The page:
NRL News

Pro-abortionists make game out of using chemical abortion technique

by | Dec 3, 2012

By Dave Andrusko

For twenty years plus, National Right to Life has warned that in their unceasing desire to expand the number of abortions, the Abortion Establishment was cutting more and more and more corners in promoting the use of “chemical abortions,” by which is ordinarily meant RU486. And those changes put mothers’ lives at increased risk.

“RU486” is not a single “abortion pill.” It is actually a two-drug technique in which mifepristone (trade name Mifeprex) kills the unborn child and the accompanying prostaglandin (misoprostol), which induces contractions to expel the corpse.

In countries where RU486 is not legal but misoprostol is legal for purposes other than abortion,  women, at the encouragement of abortion activists, have tried using the misoprostol alone to induce their abortions. However it does not induce an abortion in a significant percentage of women and has been associated with a high number of developmental anomalies among those children who do survive, as we have reported numerous times.

This all came rushing back this morning with an article posted on the pro-abortion site headlined, “Missed Your Period? Don’t Want to be Pregnant? There is an App for That.”

Written by Karen Gardiner, the article is an attempt to put a very dangerous abortion technique in a lighthearted, almost comic light. Here is the opening:

“’To avoid judgement and fear, it is always useful step into the shoes of another person. I invite you into mine.’

“So begins the journey of a 19-year-old Mexican named Claudia, protagonist of an inventive computer game.

“¿No Te Baja? which translates as Missed Your Period? makes use of bright colors, engaging cartoon characters and relatable, non-technical, language to inform and guide users through the steps they can take to terminate a pregnancy using Misoprostol. The website takes the form of an interactive, Choose Your Own Adventure style game, where users click through to different scenarios that change according to their own personal situation and decisions.”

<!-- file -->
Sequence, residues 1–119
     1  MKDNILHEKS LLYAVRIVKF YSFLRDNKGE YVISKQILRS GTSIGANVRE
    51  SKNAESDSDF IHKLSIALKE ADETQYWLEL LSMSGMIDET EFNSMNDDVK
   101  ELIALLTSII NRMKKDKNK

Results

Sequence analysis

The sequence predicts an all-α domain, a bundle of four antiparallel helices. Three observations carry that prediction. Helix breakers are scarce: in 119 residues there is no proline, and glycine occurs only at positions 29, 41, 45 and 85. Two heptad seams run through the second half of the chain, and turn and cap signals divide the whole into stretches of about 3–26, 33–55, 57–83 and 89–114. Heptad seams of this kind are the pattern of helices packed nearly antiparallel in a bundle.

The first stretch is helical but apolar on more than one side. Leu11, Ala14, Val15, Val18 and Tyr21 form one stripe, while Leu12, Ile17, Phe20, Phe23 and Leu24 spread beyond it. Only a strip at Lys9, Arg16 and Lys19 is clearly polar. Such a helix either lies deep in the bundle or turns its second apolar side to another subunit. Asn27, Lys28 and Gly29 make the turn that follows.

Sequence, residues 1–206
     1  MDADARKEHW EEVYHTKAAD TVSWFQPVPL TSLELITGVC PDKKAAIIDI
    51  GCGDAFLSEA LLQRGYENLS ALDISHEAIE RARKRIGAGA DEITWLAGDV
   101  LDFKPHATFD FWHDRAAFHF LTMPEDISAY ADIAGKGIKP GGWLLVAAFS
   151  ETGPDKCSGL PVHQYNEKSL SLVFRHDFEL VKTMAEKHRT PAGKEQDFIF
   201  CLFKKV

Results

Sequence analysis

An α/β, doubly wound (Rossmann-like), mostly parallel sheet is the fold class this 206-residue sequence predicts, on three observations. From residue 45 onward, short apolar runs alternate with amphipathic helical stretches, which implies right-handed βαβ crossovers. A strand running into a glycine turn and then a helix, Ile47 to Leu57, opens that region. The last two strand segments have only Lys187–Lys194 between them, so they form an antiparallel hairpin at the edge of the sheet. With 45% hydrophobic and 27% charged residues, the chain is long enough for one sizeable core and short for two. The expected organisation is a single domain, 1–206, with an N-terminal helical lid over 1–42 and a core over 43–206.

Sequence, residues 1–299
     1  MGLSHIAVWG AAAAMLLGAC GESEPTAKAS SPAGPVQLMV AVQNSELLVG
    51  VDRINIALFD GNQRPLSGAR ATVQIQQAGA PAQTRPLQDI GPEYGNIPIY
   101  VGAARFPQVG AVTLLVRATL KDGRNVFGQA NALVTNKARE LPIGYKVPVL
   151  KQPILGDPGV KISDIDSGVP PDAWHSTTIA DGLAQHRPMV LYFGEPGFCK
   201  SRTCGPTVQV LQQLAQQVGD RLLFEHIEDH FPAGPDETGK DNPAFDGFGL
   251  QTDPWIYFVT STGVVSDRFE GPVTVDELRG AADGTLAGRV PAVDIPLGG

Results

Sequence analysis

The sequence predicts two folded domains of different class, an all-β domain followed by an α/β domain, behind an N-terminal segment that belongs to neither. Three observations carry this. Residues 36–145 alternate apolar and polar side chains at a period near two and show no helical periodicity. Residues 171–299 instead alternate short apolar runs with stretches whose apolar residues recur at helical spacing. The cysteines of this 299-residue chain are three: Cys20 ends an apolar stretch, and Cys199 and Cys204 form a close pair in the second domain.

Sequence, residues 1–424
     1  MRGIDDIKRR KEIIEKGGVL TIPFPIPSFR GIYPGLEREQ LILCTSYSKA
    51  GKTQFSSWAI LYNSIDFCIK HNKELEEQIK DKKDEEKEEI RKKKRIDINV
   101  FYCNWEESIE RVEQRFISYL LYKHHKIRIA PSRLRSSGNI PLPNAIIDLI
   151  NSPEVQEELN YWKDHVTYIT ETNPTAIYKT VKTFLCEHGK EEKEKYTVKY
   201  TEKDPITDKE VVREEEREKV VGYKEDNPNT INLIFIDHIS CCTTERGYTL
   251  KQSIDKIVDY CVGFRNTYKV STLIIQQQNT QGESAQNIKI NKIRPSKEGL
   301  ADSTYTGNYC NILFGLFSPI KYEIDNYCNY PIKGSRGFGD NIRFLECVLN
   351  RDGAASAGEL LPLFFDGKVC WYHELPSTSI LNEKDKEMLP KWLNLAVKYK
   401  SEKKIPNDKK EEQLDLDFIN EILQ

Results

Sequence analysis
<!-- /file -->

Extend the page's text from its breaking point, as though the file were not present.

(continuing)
You have to read this carefully to see how cavalierly Gardiner treats women’s lives. She argues that Misopoprostol (used to treat ulcers) is widely used to abort babies in Mexico and—joy—Gardiner claims, there is no prescription required, unlike the United States.

What’s the problem? “”Pharmacy workers often lack the knowledge of how the drug should correctly be administered.” Solution?

Users of No Te Baja, through the actions of Claudia and her boyfriend, go through each detailed step of the process of self-administering a medication abortion: from the initial pregnancy test to the decision whether or not to involve the partner; the signs and symptoms of an ectopic pregnancy to calculating gestational age to indicate whether or not use of Misoprostol will be effective—and if it will be safe to self-administer. … No Te Baja doesn’t end with the final dosage of medication: users (and Claudia) are informed of what signs to look out for that would require medical attention, and of how to tell if the abortion is incomplete.

Think about that for a moment. Pharmacy workers “lack the knowledge,” but not to worry. The woman watches a computer game and she’s good to go. If problems arise, she’ll be able to spot them. Why? Because No Te Baja offers a couple of minutes of instruction what to look for. Amazing, utterly amazing.

This is like inviting the “back-alley” abortion of yesteryear into your home.

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Categories: RU486